Survivor's guilt: How to move forward after a line-of-duty death
Surviving a line-of-duty death as a cohesive department is not easy; we must acknowledge the loss and the heartache and seek support from others
By Dr. Shana Nicholson
American Military University
Firefighters and rescue personnel pull on bunker gear and pack up. We cut the cars, start the IVs, push the drugs, save the babies, and hold the hands of our patients and their families. We are the rescuers not the rescued.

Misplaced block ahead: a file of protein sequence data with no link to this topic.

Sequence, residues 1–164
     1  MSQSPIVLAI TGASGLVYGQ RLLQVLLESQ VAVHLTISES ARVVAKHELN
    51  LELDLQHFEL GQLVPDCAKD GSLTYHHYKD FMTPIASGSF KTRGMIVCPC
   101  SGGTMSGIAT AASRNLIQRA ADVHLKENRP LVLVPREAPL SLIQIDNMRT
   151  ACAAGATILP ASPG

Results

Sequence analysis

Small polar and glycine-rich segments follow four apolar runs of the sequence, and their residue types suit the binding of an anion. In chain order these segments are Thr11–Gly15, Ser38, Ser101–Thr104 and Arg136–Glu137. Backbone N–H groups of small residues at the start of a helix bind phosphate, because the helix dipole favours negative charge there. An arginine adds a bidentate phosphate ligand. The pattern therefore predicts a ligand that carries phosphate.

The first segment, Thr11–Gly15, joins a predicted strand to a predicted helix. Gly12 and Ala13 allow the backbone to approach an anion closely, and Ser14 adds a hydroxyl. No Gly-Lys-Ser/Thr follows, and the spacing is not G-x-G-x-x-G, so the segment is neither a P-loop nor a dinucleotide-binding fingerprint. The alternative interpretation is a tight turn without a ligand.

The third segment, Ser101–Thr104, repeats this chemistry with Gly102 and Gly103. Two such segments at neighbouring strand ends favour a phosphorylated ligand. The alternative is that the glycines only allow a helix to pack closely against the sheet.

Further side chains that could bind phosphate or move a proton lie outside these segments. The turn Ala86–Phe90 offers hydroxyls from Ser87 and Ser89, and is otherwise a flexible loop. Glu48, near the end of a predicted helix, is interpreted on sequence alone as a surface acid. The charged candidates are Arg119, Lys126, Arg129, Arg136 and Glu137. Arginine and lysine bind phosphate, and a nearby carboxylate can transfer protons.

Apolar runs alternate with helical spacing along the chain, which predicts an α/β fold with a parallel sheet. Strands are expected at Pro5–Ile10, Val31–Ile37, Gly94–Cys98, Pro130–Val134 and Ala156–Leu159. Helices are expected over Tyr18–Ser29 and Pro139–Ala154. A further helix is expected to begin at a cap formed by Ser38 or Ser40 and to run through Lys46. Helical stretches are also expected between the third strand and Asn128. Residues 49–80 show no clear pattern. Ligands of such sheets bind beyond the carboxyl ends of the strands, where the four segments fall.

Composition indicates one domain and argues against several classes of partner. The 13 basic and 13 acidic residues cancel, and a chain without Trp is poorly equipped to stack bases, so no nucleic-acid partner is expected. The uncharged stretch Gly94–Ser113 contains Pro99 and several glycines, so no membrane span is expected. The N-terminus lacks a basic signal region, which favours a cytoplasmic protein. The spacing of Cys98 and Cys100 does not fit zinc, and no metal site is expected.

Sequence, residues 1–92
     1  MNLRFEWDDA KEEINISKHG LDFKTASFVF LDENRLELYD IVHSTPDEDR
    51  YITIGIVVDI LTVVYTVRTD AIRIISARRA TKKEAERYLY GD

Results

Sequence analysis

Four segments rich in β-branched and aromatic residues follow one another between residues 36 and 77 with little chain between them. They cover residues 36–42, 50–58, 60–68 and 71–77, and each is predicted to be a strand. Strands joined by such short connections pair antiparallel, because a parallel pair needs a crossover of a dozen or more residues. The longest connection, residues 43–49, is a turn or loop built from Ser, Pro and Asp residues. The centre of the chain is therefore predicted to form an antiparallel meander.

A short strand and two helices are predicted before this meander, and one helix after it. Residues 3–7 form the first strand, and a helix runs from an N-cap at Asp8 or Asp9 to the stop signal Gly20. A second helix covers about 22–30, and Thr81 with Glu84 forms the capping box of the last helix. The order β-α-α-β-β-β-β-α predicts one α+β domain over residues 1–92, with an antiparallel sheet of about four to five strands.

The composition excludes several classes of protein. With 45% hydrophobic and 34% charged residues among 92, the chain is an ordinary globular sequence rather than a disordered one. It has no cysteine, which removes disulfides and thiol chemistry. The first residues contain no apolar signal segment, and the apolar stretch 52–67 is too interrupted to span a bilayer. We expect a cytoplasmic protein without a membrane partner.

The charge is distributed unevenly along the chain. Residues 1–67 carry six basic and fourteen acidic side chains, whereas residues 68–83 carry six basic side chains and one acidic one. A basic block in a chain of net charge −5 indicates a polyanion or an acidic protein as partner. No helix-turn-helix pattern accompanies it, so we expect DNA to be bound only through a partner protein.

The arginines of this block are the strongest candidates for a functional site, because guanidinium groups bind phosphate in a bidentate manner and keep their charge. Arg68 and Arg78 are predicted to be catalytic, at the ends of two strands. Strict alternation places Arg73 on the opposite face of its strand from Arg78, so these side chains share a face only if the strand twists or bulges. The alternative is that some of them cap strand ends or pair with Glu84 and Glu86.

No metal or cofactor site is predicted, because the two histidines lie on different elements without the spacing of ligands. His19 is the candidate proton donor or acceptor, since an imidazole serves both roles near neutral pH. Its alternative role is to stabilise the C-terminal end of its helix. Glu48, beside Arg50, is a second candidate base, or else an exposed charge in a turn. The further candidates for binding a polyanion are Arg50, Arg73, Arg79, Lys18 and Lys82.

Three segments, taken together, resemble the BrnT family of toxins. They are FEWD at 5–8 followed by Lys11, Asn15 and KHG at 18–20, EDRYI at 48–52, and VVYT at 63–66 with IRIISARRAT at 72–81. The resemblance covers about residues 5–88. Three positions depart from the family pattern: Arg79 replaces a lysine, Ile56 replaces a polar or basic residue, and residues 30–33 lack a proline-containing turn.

We are not supposed to be the ones who die, but it happens. We don’t always come out of the fire and we don’t always survive the impact. We don’t always make it home and we leave behind our fellow firefighters to live with our absence as well as their own grief.
On February 1, 2014, Michael ‘Mikey’ Garrett, a volunteer firefighter, advanced emergency medical services provider and instructor in West Virginia, and my dear friend, gave his life in service of his fellow man. His death was incredibly difficult for many, including his friends, family and fellow firefighters.
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